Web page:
The public outrage around the mishandling of McDonald’s case was largely directed at Mayor Rahm Emanuel, then-Police Superintendent Garry McCarthy, and then-State’s Attorney Alvarez. Calls for Emanuel’s resignation and hashtags like #AdiosAnita and #ByeAnita spread across social media platforms. Alvarez defended her actions, insisting that the Cook County state’s attorney’s office and the FBI had started working together on the Laquan McDonald case in December of 2014.

Alvarez also came under fire for her extensive history of clearing police officers involved in fatal shootings. According to public records, she had declined to file charges in such cases at least 68 times in a span of seven years; in most cases, no documentation to justify such decisions was provided. Despite increasing outrage, Alvarez dismissed demands for her resignation in the days following the release of the dashcam footage, claiming that she had to make decisions every day that “might not be so popular.”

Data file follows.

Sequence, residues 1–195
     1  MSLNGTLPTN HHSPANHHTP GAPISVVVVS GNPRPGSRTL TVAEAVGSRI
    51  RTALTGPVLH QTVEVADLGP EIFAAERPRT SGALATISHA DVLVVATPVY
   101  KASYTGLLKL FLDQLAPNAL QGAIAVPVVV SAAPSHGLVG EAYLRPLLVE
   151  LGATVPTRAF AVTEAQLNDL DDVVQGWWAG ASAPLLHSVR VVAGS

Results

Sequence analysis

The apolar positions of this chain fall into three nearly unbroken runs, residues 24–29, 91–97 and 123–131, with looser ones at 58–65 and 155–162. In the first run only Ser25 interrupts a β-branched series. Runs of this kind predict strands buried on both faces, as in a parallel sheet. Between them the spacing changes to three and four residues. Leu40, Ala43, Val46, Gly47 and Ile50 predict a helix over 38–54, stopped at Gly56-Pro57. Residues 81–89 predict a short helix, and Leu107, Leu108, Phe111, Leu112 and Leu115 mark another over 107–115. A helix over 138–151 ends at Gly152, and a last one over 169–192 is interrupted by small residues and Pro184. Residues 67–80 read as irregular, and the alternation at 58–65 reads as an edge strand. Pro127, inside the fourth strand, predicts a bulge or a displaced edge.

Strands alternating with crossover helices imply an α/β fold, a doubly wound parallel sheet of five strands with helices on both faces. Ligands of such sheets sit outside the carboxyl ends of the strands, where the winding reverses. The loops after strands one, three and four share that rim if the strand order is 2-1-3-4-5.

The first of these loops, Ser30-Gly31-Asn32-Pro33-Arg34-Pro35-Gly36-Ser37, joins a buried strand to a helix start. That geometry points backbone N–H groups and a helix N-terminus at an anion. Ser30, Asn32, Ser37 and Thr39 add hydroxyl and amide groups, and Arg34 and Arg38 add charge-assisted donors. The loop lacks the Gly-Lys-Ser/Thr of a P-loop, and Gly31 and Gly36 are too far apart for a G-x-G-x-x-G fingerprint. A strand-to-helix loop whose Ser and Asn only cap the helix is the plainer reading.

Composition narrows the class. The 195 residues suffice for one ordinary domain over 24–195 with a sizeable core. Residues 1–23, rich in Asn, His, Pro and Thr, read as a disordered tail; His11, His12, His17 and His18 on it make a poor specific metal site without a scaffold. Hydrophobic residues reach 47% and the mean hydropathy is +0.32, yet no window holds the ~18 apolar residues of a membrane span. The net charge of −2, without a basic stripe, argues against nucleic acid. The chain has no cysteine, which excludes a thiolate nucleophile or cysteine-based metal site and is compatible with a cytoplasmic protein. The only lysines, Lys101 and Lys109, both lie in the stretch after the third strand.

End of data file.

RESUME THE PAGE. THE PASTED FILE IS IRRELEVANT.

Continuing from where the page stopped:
After the Chicago Tribune poll was released in February of 2016, several community-based organizations gathered to strategize ways in which they could get Alvarez out of office. Efforts from organizing collectives including Assata’s Daughters, Black Lives Matter, Black Youth Project 100 and FLY resulted in an orchestrated range of political actions throughout the city of Chicago.

Labor around the #ByeAnita campaign was meticulously divided amongst those who chose to partake in direct-action-based approaches (protest, disruptions, banner drops, etc.), and those who focused on getting her voted out of office. Organizers shut down Alvarez’s fundraisers and speeches, at one point derailing three separate events over a 24-hour period. A number of hand-crafted “Bye Anita” banners were dropped at 16 locations across the city in remembrance of the 16 shots that killed Laquan McDonald.

While the #AdiosAnita campaigners chose not to endorse any particular candidate, they focused efforts on encouraging voters to get corrupt officials, like Alvarez, out of office. Youth took up phone banking and registering voters door-to-door in black neighborhoods,  moves that ultimately led to Foxx’s electoral victory.